New air quality index measures health risk

Albertans can breathe a little easier now, thanks to a system of air quality monitoring known as the Air Quality Health Index (AQHI).

Albertans can breathe a little easier now, thanks to a system of air quality monitoring known as the Air Quality Health Index (AQHI).

The province has adopted a modified version of the national monitoring system that gives up-to-the-hour reports on the air we breathe.

One of the features of the AQHI is that it includes a forecasting component that predicts what the air quality will be later in the day.

Leigh Allard of the Alberta Lung Association said that information will help those suffering from health conditions.

"This index will really help inform people to protect them, so they can actually modify whether they are going outside and spending a lot of time outside or if they will actually figure out other things indoors," Allard said.

The modified Alberta system takes advantage of the forecasting aspects of the AQHI, while continuing to report more frequently and on more elements specific to Alberta’s air quality.

"Working together, Alberta and Canada have developed a tailor-made air quality reporting system for our province," said Alberta Environment Minister Rob Renner. "We’ve taken the federal government’s world-leading AQHI and made it even better for the needs of Albertans."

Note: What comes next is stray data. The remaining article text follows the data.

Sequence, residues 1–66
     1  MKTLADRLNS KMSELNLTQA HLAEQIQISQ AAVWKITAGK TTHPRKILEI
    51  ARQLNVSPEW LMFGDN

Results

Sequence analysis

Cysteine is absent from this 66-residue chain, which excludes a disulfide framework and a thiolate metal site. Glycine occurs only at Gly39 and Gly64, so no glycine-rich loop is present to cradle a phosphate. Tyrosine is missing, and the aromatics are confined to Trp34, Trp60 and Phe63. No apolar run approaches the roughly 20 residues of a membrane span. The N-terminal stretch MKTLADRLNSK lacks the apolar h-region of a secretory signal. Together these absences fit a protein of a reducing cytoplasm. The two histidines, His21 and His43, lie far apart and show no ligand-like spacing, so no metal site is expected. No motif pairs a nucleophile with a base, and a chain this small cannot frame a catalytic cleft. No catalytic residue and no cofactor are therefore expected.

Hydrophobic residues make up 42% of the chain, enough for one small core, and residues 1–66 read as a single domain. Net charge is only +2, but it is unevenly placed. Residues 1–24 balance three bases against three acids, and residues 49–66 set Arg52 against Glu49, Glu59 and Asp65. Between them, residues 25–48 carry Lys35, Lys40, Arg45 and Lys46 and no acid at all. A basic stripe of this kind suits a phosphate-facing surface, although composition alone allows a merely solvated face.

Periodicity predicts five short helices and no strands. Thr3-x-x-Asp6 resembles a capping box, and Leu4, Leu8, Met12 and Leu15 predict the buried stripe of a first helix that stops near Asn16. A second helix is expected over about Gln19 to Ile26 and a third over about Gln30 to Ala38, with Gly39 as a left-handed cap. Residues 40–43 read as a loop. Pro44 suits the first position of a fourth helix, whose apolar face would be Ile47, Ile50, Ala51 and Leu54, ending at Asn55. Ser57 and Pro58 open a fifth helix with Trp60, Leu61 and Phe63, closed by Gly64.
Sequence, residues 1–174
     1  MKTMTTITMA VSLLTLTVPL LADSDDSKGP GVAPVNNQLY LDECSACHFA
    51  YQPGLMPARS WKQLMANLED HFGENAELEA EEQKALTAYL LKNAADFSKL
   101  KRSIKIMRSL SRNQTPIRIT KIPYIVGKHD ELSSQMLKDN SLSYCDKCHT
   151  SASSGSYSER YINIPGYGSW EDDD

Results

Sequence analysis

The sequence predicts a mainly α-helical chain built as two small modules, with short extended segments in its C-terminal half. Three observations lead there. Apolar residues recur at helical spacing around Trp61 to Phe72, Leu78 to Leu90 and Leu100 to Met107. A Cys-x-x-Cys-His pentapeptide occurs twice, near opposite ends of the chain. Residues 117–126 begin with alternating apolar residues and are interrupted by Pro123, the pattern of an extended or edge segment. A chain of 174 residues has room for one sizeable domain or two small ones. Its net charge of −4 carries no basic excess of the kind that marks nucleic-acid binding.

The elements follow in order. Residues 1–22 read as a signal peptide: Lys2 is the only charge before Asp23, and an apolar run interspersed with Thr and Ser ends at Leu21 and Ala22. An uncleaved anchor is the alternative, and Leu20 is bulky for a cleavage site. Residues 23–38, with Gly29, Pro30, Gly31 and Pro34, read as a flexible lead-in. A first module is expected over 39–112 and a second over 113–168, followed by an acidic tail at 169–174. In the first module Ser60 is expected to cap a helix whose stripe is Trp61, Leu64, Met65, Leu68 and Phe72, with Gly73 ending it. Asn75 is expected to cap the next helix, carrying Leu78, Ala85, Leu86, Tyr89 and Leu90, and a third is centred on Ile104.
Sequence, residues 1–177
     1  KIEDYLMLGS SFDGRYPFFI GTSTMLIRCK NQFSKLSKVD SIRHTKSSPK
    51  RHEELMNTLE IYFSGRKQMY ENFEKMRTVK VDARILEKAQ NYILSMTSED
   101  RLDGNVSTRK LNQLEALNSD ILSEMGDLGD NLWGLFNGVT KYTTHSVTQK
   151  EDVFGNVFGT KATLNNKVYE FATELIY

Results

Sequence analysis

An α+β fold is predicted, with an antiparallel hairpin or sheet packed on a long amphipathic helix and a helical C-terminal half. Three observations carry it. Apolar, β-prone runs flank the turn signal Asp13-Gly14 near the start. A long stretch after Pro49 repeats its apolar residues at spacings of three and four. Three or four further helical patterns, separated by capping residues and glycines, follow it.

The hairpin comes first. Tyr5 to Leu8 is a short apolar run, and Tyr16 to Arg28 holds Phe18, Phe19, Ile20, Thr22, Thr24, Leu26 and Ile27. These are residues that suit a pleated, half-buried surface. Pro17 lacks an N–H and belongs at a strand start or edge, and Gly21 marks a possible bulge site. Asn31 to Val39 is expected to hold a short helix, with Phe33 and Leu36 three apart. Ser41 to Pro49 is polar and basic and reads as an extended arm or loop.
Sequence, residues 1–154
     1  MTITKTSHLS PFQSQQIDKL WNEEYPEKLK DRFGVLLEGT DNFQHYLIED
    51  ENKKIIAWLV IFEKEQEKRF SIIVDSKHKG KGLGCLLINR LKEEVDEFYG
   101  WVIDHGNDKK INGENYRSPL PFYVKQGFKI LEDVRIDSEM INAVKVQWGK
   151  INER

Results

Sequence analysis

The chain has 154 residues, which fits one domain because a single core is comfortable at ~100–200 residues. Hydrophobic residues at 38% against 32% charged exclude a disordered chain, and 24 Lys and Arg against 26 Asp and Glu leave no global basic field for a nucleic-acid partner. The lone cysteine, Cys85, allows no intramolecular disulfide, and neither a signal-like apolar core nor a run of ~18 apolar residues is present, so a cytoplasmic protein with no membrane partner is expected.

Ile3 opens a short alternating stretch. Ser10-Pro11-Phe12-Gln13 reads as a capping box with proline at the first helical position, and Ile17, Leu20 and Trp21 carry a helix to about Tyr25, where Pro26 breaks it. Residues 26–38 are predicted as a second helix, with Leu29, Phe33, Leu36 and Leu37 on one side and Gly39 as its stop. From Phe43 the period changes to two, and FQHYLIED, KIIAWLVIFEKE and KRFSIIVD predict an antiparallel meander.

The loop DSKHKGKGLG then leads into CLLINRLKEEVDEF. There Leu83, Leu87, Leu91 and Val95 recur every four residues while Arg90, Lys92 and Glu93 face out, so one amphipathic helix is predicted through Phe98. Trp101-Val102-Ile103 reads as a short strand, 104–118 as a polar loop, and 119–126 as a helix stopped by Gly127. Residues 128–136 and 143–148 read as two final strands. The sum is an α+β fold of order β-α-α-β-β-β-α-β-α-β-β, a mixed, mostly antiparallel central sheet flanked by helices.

The province’s former Air Quality Index measured two additional components to the federal system, unique to the province’s oil and gas industry. It also reported data hourly, rather than every three hours.

AQHI scale of 1 to 10 determines health risk

Under Alberta’s adoption of the AQHI, these components and two others — hydrogen sulphide and total reduced sulphur — will be measured, while also giving Albertans notice when visibility is a concern and when odours may be detected. The hourly reporting frequency will be maintained.

The AQHI works on a scale from one to 10 to determine the health risk for the general population and for those with respiratory conditions.

"Information can be very powerful when it comes to your health," said Dr. André Corriveau, Alberta’s chief medical officer of health.

"Alberta enjoys good air quality most of the time, but it’s important that those who are especially vulnerable to the effects of air pollution have information at their fingertips to take precautions should air quality deteriorate."

The AQHI is available in more than 20 communities across Alberta. The forecast component will first be available in Edmonton, Calgary, Red Deer, Fort McKay and Fort McMurray, with the remaining communities added later this year and in early 2012.

Information on the new Air Quality Health Index is available online at